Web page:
Refosco’s history is shrouded in confusion and a bit of mystery, especially its strange story here in California. In Italy it is thought to be a Venetian native, mostly Friulian today, but then the family breaks into distinct and perhaps unrelated strains, spreading throughout Friuli and into Croatia and Slovenia where it is also (perhaps) related to Teran/Terrano. It is also possible that Refosco produced the famed Roman Puccinum wine praised by Pliny the Elder.
In California, Refosco was already highly respected by 1885, producing “Crabb’s Black Burgundy” in southern Napa Valley near Oakville to much acclaim. This was a fertile period of grape importation as vines from all over poured in and were planted in test plots around California, but some confusion was inevitable, and Refosco and French Mondeuse plantings in Amador County became intermixed. DNA testing found them to be unrelated, though I can taste the confusion potential. Darrell Corti assured me that Crabb’s vines were imported by a Friulian Count, insuring their Italian origin, which others dispute.
The wine: Historically Refosco can have a bit of that “iron fist in a velvet glove” thing. A slightly tart (yet mouth watering) core with purple fruits, pepper, and focused texture that is somewhat angular but with fine tannin, good acidity and subtle floral tones that evolve with time. This is a serious medium-weight-plus wine with spice and a great mix of high and low tones and good fruit to knit the whole package together.
This bottling is a blend of the 2017 and 2018 vintages. So why non-vintage for this particular bottling? Two reasons. The first is that 2017 and 2018 were two very different vintages. 2017 was very wet, relatively cool, and yielded a lighter Refosco, bright with acid and spice, and lower in alcohol, but also a little hollow and lacking the meat and bones of our 2016 vintage. 2018 was the opposite, darker, heavier, richer, but lacking the bright spice and tart core spinal column that is so essential. I was surprised at how well they dovetailed when test blending. Refosco is very fickle though, and with bottle age floral elements can appear, then later disappear while the wine moves in a more tobacco-ish direction, reminding us again that it is a living, evolving thing.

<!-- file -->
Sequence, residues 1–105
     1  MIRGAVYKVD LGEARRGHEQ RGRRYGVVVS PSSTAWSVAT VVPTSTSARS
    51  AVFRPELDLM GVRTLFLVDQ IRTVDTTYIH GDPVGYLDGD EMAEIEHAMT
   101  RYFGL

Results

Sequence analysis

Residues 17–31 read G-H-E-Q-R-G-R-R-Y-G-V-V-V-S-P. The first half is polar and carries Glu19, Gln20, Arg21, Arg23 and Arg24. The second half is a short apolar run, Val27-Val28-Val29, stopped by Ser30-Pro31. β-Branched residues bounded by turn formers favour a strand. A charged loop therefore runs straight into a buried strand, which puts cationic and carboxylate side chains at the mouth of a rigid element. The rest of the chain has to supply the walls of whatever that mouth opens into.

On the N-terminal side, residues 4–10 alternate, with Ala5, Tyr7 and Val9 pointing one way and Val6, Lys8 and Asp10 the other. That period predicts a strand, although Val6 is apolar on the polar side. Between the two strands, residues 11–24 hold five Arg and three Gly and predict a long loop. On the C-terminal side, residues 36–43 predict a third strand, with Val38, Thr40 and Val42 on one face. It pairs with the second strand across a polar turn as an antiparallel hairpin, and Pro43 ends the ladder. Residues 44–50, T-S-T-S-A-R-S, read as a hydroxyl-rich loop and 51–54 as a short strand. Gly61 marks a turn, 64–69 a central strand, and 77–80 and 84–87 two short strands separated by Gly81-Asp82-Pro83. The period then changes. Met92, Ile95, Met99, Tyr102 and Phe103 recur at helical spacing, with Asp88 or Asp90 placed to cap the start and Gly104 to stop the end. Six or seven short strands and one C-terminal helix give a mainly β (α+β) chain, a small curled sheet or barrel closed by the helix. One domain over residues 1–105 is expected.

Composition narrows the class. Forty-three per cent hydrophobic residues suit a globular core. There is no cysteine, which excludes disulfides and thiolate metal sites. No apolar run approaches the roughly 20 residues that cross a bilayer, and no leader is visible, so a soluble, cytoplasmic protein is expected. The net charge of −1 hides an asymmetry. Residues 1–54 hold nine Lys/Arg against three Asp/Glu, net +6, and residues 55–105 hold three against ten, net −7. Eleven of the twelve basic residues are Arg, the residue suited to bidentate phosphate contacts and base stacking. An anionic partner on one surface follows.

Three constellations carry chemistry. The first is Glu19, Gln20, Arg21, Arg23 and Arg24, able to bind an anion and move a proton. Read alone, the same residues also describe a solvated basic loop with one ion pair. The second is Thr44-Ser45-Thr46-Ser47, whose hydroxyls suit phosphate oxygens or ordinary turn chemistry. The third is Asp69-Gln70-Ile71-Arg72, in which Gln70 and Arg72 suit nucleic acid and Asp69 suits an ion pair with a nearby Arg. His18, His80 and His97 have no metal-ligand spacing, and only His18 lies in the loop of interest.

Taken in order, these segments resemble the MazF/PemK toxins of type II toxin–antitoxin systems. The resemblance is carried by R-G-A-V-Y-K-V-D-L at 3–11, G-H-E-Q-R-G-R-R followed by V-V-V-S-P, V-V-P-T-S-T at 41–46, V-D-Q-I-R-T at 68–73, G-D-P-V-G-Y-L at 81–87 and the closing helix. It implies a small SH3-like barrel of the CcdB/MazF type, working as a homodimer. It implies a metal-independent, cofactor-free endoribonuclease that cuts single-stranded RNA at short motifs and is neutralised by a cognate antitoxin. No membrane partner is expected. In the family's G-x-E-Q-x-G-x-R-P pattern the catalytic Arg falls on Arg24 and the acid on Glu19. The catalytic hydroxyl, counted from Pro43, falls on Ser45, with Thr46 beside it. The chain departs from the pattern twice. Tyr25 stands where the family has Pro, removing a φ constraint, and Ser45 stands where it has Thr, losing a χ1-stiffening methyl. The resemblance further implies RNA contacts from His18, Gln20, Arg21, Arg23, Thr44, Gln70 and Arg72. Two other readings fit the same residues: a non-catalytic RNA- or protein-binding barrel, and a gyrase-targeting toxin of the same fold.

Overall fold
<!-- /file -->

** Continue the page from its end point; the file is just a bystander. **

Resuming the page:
Label image: Taken from Elias Ashmole’s Theatrum Chemicum Britannicumfirst published in 1652, the label depicts the descending bird as the breath of God, and the dragon is the complex life force which the breath sets into motion. The alchemical scholars seek to learn its secrets including the spirit of life, both destroying, creating, and many other transmutational manifestations.
150 cases produced
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